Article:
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The End is Nigh

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Ravenser

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Despite the silence I have in fact been doing some modelling over the last couple of months - I just haven't written it up . However this is to record that I have finally finished construction of the Ratio Van B . It still needs lettering , spot painting and weathering, and there's plenty of scope for things to go wrong in all of that, but the last tiny scrap of etched brass has been stuck in place . At least the last one that I'm sticking on - there are still a small number of tiny bits on the etch whose purpose is a mystery to me. At the death , I decided to use the etched chalk boards , as they are abit neater and more regular than my home made replacements - I've stuck them over the card versions which makes the detail a little chunky , but then the chalk boards are.. It won't be the best coach kit ever built, though I hope it will at least look adequete against the rest of my fleet . This is my first proper attempt at a coach kit, if you discount some cack-handed teenage efforts at Ratio suburbans

 

 

It's taken two and a half years to get to this point , although there have been some delays , distractions and interruptions along the way. That's surely too long for a plastic coach kit. The trouble is that everything has been made into as many individiual components as possible. I've just finished sticking 4 tiny etched door handles on one side of the coach with cyano. Not to mention 4 very very small grab handles just below them, each of which rfequires it's two tiny legs folding into aright angle to enable it to be stuck to the side. and so on. I can't help feeling all this would have been better moulded onto the side itself - certainly there would have been a little less finesse if the kit was in the hands of a skilled builder, but for 80%+ of purchasers it would have vastly simplified and speeded the build. Why were seperate doors and seperate etched brass hinges necessary? Couldn't the side simply have been moulded as a single piece of plastic?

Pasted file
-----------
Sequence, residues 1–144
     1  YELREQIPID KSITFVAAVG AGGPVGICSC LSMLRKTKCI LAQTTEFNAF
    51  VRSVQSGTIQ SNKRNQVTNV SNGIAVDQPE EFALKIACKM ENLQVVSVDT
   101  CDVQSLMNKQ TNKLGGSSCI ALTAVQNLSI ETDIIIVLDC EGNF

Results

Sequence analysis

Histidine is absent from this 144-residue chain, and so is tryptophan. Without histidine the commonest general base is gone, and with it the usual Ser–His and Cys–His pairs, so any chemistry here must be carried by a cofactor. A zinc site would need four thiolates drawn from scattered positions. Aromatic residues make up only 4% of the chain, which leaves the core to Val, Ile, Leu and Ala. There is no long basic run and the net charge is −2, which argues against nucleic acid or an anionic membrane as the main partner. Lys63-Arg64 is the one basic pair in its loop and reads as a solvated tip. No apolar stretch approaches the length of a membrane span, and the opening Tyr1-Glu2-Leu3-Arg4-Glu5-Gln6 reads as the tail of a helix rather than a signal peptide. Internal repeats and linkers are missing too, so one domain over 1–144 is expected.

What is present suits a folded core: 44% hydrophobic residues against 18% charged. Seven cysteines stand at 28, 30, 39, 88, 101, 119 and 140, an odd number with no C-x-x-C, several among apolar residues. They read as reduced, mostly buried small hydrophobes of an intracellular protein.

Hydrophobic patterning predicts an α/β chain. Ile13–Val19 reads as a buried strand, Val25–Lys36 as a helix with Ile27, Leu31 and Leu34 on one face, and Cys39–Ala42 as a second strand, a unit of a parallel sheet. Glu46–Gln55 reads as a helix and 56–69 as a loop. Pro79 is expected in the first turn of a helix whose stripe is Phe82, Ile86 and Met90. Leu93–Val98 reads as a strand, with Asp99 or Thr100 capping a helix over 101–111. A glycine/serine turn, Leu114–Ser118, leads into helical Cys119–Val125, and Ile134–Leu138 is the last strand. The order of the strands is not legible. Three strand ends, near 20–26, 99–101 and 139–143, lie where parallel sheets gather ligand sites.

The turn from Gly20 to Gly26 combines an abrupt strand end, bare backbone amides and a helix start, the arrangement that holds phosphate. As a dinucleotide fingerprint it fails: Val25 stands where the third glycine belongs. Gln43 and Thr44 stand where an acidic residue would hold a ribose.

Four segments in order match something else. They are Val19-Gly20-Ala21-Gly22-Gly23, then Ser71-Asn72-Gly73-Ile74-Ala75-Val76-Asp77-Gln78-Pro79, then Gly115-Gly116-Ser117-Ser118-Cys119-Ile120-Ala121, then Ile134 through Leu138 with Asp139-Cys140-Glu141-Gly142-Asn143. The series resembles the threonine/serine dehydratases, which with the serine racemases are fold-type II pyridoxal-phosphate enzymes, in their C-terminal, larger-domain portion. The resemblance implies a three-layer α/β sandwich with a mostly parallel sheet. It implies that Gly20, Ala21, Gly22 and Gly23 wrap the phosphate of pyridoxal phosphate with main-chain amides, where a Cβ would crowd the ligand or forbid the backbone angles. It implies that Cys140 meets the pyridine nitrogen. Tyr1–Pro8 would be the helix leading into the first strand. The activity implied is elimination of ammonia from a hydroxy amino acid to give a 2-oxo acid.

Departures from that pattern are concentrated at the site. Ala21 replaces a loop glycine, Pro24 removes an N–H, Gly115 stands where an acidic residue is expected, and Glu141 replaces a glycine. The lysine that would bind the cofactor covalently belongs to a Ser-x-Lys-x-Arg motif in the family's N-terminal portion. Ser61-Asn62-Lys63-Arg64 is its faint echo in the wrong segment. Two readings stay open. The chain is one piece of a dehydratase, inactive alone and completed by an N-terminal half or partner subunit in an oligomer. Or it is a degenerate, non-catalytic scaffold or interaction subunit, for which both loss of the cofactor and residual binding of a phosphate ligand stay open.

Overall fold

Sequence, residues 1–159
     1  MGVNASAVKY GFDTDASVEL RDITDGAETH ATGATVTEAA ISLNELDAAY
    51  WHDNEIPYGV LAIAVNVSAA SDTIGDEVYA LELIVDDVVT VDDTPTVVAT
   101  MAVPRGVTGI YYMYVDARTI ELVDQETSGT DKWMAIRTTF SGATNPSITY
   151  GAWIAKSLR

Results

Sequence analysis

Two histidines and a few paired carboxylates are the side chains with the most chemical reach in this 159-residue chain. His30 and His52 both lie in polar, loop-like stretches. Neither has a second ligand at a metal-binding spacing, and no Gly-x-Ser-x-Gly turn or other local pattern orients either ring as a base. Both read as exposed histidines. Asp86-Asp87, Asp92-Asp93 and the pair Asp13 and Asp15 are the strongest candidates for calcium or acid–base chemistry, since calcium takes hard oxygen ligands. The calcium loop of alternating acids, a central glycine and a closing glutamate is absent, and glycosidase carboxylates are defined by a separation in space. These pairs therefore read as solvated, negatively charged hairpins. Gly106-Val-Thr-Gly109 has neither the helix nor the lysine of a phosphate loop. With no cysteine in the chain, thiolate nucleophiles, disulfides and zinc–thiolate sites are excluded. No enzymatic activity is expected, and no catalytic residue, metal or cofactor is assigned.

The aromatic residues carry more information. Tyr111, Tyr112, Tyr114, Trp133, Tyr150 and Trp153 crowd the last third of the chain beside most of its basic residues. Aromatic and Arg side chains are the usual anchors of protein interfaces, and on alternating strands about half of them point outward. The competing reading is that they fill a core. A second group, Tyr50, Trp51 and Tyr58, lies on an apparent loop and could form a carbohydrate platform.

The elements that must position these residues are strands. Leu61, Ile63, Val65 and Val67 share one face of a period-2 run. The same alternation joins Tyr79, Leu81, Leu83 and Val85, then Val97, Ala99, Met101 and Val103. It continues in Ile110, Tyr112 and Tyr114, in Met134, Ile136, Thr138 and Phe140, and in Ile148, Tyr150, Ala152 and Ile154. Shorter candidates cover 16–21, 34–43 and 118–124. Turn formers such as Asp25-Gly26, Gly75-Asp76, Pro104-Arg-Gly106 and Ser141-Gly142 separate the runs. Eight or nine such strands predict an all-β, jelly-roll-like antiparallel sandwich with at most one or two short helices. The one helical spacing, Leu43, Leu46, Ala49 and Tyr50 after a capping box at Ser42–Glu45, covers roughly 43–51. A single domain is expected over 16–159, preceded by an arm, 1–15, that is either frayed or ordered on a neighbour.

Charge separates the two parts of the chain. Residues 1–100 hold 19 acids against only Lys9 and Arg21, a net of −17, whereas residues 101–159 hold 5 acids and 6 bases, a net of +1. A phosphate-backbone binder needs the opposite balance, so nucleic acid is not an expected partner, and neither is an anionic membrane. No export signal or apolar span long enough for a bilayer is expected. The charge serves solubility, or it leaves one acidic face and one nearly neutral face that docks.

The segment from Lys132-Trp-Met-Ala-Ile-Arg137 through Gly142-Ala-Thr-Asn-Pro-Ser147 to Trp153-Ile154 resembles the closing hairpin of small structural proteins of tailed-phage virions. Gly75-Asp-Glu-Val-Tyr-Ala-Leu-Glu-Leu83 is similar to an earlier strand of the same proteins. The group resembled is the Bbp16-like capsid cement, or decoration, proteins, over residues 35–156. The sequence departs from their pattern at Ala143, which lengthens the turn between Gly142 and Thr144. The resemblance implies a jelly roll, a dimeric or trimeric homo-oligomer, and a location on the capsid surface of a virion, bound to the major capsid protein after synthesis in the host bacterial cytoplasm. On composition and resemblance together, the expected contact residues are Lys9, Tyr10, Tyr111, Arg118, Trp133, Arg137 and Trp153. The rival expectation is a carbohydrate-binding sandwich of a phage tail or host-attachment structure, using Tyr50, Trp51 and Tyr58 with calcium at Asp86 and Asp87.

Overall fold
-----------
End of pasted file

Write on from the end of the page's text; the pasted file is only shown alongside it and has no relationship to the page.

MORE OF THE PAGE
One area I am not sure is entirely satisfactory is the attachment of the bogies. This is by a pair of screws, but I can't get them any further home and the bogies hang very loosely. The coach runs ok , but the body flops and rolls about a bit , and on its one trial outing on the layout it seemed prone to the occasional derailment . Nothing I can do about it (this is afirst kit, and rearranging the running gear is a step too far for me at this stage), and the coach works , but I think there are better arrangements on other kits.

 

Since I started , Hornby have announced a RTR model , and I think the first batch may even have been released. I recall someone expressing the view that Hornby's model was a waste of time and no benefit to modellers because there was already a kit. Well, having built the kit, I beg to differ. Hornby will achieve a better model than I've managed to achieve , a significantly higher standard of paint finish, and it will run better, and have better engineered bogies. It will also come with NEM pockets, making changing couplings a matter of seconds. And it won't take 2.5 years of anyone's life . There's nothing inherently unbuildable about any part of the kit - but I reckon at least 90% of modellers would not manage to finish it.

 

I do have one consolation - Hornby haven't so far annouced a version in BR blue

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